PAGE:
At approximately 3:30 p.m., Cole Elementary went into lockdown after a community member reported that they saw an individual in the vicinity with a firearm. They immediately called the Cheyenne Police Department.
Blockchain technology is Wyoming’s future in data security. The committee on Blockchain Financial Technology and Digital Innovation Technology had a meeting in Laramie Tuesday. “We need to bring it to the states, so that we can bring it into Wyoming. Not only be on the front line but be able to benefit from what that brings to us, “said R.J. Kost, Senator for District 19.
Mercer Family Resource Center partnered with the Natrona County Suicide Prevention coalition task force for their 18th annual walk. Suicide is a problem in Wyoming communities and officials want people to normalize talking about mental health.
Britney Tennant, founder and executive director of the Black Dog Animal Rescue, has been appointed the Cheyenne Animal Shelter’s new CEO. Tennant will be replacing Sue Castaneda and will officially take over the role October 18.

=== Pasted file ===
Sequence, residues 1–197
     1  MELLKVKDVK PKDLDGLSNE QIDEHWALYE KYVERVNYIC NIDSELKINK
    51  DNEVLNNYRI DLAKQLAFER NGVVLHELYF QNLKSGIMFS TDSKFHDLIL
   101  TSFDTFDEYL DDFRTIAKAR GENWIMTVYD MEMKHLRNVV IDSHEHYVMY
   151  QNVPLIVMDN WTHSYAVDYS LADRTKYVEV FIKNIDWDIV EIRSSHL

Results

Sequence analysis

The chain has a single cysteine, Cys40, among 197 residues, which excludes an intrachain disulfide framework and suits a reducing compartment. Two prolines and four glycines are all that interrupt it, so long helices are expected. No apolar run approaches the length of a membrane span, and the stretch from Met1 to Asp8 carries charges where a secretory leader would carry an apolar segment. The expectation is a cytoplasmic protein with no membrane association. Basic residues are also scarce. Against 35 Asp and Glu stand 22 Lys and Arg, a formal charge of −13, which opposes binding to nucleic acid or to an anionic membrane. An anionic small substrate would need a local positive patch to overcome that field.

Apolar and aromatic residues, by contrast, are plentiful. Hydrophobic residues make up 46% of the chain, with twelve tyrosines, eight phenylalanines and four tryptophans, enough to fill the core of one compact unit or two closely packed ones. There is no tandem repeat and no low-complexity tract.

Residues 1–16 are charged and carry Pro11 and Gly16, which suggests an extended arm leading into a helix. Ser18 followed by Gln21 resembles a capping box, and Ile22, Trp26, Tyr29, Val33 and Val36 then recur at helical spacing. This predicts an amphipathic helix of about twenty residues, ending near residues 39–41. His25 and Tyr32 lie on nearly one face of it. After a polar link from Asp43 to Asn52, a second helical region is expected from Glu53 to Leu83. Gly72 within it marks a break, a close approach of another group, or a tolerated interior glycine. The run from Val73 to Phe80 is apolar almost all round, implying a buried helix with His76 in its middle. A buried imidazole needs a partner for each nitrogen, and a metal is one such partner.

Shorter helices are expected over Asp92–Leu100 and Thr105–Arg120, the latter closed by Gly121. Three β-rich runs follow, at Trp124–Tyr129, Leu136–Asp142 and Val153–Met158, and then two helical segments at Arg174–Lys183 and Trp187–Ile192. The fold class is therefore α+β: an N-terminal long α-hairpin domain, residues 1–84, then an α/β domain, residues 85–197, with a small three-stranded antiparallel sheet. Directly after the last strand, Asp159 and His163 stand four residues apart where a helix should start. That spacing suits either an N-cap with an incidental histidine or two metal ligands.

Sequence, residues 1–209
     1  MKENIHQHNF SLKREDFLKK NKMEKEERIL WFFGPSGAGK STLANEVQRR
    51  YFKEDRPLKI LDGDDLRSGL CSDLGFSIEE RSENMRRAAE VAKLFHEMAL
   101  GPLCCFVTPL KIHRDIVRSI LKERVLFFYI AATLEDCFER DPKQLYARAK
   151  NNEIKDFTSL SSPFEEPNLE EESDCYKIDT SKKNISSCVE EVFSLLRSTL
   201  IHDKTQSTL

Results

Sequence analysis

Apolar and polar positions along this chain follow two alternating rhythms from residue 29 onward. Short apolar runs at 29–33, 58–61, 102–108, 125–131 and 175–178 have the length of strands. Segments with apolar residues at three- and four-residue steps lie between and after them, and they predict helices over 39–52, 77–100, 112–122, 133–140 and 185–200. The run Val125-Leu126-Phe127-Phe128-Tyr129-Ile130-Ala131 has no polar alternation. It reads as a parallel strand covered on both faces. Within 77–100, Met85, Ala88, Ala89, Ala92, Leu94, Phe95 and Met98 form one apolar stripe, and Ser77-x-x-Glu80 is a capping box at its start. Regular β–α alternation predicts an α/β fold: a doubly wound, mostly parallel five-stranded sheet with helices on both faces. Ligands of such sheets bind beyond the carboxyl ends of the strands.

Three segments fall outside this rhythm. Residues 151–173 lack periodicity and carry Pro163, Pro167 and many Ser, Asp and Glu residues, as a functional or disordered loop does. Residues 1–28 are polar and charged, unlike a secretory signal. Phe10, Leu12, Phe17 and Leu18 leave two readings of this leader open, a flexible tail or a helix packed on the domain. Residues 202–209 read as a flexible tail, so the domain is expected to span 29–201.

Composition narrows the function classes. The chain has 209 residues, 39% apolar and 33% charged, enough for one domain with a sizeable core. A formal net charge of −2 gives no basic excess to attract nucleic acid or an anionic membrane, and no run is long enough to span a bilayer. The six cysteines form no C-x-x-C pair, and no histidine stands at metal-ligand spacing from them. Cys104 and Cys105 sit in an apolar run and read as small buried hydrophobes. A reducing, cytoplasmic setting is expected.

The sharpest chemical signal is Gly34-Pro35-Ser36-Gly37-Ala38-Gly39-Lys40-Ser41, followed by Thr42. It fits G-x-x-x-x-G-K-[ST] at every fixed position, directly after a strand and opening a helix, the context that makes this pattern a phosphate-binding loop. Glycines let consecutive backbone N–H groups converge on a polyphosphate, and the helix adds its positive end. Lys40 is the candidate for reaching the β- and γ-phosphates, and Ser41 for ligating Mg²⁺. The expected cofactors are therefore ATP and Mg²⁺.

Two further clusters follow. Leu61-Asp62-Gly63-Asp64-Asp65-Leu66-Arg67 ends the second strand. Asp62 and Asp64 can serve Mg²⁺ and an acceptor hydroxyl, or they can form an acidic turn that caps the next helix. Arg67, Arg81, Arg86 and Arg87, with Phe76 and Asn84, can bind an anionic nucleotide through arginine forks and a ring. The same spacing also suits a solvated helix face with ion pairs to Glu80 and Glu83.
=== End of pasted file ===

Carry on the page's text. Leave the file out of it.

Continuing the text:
Since the City of Cheyenne took over animal control duties September 1st, the Compliance Department has been able to hire animal control officers and get the program up and running without missing a day of service.
"The American Rescue Plan (ARP) funds are one-time infusions that can help build a stronger, more resilient Wyoming, and they should be treated as such. We have an opportunity to use these dollars to shape the future of our state, and it’s important to maximize the opportunity before us. I have outlined an approach to help Wyoming survive the initial impacts of COVID and identify what can be done to better drive to a future where all of Wyoming can thrive – this is my Survive, Drive, Thrive plan."
As it starts to get cooler at night and plants begin changing color and dying off, farmers are already starting to prepare for the end of the growing season. Right now, we’re still early enough in the season that frost in the Cheyenne region doesn’t pose much of a threat.
Critical Race Theory has come under fire as a touchstone for racial equality in recent months. Although it’s not taught in most schools, some historical race issues are taught in some schools. Raising the question of whether the history and civics taught in most schools are diverse or inclusive enough?